• Intellectual function
  • Water fluoridation

ASJC Scopus subject areas

  • Environmental Science(all)

Cite this

Fluoride exposure from infant formula and child IQ in a Canadian birth cohort. / Till, Christine; Green, Rivka; Flora, David; Hornung, Richard; Martinez-Mier, E. Angeles; Blazer, Maddy; Farmus, Linda; Ayotte, Pierre; Muckle, Gina; Lanphear, Bruce.

In: Environment International, Vol. 134, 105315, 01.2020.

Research output: Contribution to journalArticle

Till, C, Green, R, Flora, D, Hornung, R, Martinez-Mier, EA, Blazer, M, Farmus, L, Ayotte, P, Muckle, G & Lanphear, B 2020, 'Fluoride exposure from infant formula and child IQ in a Canadian birth cohort', Environment International, vol. 134, 105315. https://doi.org/10.1016/j.envint.2019.105315
Till, Christine ; Green, Rivka ; Flora, David ; Hornung, Richard ; Martinez-Mier, E. Angeles ; Blazer, Maddy ; Farmus, Linda ; Ayotte, Pierre ; Muckle, Gina ; Lanphear, Bruce. / Fluoride exposure from infant formula and child IQ in a Canadian birth cohort. In: Environment International. 2020 ; Vol. 134.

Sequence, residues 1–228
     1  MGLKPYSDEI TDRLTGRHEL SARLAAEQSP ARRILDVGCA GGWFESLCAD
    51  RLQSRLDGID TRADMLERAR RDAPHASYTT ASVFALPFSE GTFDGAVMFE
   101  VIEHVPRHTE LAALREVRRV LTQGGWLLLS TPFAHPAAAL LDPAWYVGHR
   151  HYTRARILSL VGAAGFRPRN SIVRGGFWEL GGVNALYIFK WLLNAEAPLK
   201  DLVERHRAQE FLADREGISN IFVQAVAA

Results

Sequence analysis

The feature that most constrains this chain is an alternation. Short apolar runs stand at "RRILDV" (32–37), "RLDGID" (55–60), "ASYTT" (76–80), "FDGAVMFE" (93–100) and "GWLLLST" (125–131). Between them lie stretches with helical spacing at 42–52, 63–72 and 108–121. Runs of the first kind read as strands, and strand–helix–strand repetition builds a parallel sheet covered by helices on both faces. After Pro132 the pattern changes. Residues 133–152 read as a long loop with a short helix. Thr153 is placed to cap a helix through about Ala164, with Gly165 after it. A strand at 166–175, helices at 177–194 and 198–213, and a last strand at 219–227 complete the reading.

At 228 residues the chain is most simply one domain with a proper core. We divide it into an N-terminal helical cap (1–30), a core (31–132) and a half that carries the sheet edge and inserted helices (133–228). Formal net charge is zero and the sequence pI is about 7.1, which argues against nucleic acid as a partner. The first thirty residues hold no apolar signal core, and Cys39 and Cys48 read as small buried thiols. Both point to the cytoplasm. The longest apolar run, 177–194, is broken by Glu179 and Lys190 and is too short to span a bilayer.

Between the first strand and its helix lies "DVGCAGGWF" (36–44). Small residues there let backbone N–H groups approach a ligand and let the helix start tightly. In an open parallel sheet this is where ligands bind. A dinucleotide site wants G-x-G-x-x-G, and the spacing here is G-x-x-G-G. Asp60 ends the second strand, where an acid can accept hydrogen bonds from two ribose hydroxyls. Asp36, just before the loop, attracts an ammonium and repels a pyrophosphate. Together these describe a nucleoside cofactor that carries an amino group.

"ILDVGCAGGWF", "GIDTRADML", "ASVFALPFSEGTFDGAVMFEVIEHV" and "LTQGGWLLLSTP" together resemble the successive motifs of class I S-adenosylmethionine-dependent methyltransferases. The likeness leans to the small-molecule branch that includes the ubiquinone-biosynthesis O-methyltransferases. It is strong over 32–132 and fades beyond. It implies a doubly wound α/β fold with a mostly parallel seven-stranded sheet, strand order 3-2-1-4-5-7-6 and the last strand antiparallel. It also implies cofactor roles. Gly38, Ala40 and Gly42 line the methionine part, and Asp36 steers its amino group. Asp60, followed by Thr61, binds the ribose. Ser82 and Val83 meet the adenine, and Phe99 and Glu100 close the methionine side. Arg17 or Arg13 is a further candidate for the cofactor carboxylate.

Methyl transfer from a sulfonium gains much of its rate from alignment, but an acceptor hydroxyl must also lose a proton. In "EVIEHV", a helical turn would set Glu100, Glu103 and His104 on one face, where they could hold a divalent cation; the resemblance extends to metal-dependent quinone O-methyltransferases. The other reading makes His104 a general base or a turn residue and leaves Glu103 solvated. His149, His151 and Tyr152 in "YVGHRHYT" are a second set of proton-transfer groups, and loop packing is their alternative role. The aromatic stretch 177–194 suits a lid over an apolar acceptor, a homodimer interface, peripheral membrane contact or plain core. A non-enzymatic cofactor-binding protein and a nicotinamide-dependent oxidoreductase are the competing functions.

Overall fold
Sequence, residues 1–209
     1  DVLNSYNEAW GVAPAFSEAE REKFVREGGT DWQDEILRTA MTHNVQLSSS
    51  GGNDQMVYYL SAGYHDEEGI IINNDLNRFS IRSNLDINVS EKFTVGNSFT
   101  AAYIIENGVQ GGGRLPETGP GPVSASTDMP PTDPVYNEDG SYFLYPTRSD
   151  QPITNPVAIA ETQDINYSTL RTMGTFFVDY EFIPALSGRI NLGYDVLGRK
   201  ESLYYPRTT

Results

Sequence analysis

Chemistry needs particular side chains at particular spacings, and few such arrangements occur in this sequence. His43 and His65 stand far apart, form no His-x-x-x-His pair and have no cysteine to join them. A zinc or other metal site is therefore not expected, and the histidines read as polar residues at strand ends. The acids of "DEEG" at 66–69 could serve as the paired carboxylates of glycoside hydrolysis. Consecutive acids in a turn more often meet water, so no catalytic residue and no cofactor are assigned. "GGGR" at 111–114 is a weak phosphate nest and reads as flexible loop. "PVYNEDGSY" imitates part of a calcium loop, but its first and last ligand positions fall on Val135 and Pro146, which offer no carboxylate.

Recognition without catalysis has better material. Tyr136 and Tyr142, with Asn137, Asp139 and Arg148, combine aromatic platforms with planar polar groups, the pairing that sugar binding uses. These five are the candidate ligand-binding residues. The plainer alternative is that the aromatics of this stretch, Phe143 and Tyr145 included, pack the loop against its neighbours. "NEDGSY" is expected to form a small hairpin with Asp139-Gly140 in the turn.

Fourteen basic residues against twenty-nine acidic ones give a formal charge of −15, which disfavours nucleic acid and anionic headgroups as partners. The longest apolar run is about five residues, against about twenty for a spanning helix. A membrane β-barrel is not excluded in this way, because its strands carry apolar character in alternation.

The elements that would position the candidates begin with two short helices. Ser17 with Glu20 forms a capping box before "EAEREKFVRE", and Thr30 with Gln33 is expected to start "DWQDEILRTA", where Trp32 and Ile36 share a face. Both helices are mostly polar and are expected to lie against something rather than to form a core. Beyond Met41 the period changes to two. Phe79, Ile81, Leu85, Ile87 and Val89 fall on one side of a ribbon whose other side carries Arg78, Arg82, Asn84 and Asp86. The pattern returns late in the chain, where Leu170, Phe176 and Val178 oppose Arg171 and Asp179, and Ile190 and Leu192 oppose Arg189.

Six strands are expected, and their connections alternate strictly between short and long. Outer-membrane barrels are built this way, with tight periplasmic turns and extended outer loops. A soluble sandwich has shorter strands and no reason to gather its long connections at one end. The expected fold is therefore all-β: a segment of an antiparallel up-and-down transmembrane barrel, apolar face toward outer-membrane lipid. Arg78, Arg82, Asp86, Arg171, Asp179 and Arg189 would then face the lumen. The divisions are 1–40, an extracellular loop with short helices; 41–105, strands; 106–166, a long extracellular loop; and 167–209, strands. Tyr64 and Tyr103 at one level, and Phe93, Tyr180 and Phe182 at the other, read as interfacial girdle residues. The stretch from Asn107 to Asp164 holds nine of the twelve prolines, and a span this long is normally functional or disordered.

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abstract = "Background: Infant consumption of formula reconstituted with fluoridated water can lead to excessive fluoride intake. We examined the association between fluoride exposure in infancy and intellectual ability in children who lived in fluoridated or non-fluoridated cities in Canada. Methods: We examined 398 mother-child dyads in the Maternal-Infant Research on Environmental Chemicals cohort who reported drinking tap water. We estimated water fluoride concentration using municipal water reports. We used linear regression to analyze the association between fluoride exposure and IQ scores, measured by the Wechsler Primary and Preschool Scale of Intelligence-III at 3–4 years. We examined whether feeding status (breast-fed versus formula-fed) modified the impact of water fluoride and if fluoride exposure during fetal development attenuated this effect. A second model estimated the association between fluoride intake from formula and child IQ. Results: Thirty-eight percent of mother-child dyads lived in fluoridated communities. An increase of 0.5 mg/L in water fluoride concentration (approximately equaling the difference between fluoridated and non-fluoridated regions) corresponded to a 9.3- and 6.2-point decrement in Performance IQ among formula-fed (95{\%} CI: −13.77, −4.76) and breast-fed children (95{\%} CI: −10.45, −1.94). The association between water fluoride concentration and Performance IQ remained significant after controlling for fetal fluoride exposure among formula-fed (B = −7.93, 95{\%} CI: −12.84, −3.01) and breastfed children (B = −6.30, 95{\%} CI: −10.92, −1.68). A 0.5 mg increase in fluoride intake from infant formula corresponded to an 8.8-point decrement in Performance IQ (95{\%} CI: −14.18, −3.34) and this association remained significant after controlling for fetal fluoride exposure (B = −7.62, 95{\%} CI: −13.64, −1.60). Conclusions: Exposure to increasing levels of fluoride in tap water was associated with diminished non-verbal intellectual abilities; the effect was more pronounced among formula-fed children.",